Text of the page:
Norway’s economy is growing


The Norwegian economy may be in the start-up phase of a boom period, a cyclical upturn after two and a half years of decline.

But if that’s the case, Statistics Norway (Statistisk sentralbyrå – SSB) believes that growth will be slow and cautious. This is reflected in unemployment, which is still several years away from the comfort-zone in Norway.

‘It’s now around 4.5%, from having been 3.2% in 2012. It’s expected to move slowly but surely over the next few years’, said Kjetil Telle, research director at SSB, as he presented the next three years’ economic outlook on Thursday morning.

By 2020, the end of the forecast period, SSB believes that unemployment will be at 4%, which is still high from a Norwegian perspective. Simultaneously, employment will be relatively low.

Overall, it leads to the capacity of the Norwegian economy not being fully utilized.

Better than expected

The impression that the economy may be at a turning point is supported by the growth in gross domestic product (GDP) of 2.6% in the first quarter, while analysts had expected 2%.

Additionally, household consumption grew, real income rose, and jobs are on the way.

But SSB also poured cold water onto the boiling blood of those wanting to party in an ecstasy of celebration. It’s too early to determine whether the apparent reversal of the economy, primarily due to new, increased demand in the petroleum sector, is a cyclical upturn.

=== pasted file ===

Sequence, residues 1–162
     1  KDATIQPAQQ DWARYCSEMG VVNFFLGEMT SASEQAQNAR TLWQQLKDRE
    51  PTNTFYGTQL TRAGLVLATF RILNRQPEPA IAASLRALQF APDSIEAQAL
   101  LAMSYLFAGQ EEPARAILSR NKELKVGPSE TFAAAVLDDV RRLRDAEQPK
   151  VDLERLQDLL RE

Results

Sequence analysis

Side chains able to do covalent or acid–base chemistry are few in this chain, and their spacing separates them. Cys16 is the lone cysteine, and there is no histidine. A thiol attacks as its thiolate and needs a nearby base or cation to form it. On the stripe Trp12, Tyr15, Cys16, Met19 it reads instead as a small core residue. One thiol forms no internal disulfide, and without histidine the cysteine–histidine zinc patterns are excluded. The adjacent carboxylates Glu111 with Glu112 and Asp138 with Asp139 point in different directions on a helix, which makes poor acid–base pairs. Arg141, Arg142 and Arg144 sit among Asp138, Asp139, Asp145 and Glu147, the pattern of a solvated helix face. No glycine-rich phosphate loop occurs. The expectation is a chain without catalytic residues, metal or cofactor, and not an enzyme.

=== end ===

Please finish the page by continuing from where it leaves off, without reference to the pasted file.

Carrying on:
Growth expectations may be randomly blurred, emphasized researcher Torbjørn Eika.

‘The question is whether, by such forecasts, we are analysing the Norwegian economy. The answer is ‘no’, we are still in a recession period, and unemployment is still higher than we are accustomed to. But the patient’s health is improving, and by 2020, he or she can be reasonably expected to be up and running,’ said Eika.

Three years of housing decline

SSB believes, like most others, that we’d ideally enjoy some cooling in the housing market, but doesn’t predict any events that will be decisive for economic development. Housing prices went through the roof in April, and plummeted surprisingly quickly in May, following very strong price increases over the past three years.

However, new housing is being built in quantity, while lending practices have become stricter, and wage increases were weak last year. Overall, this contributed to curbing demand, and any inevitable price increases that would have accompanied it’, Eika pointed out.

‘We don’t expect changed prices this year, and we predict a moderate fall in prices over the following years. Adjusted for inflation, it means a fall in house prices overall in those years of well over 10%, and perhaps up to 15%, said Eika, pointing out that the result only leads us back to the housing prices we had in 2016.



Source: NTB scanpix / Norway Today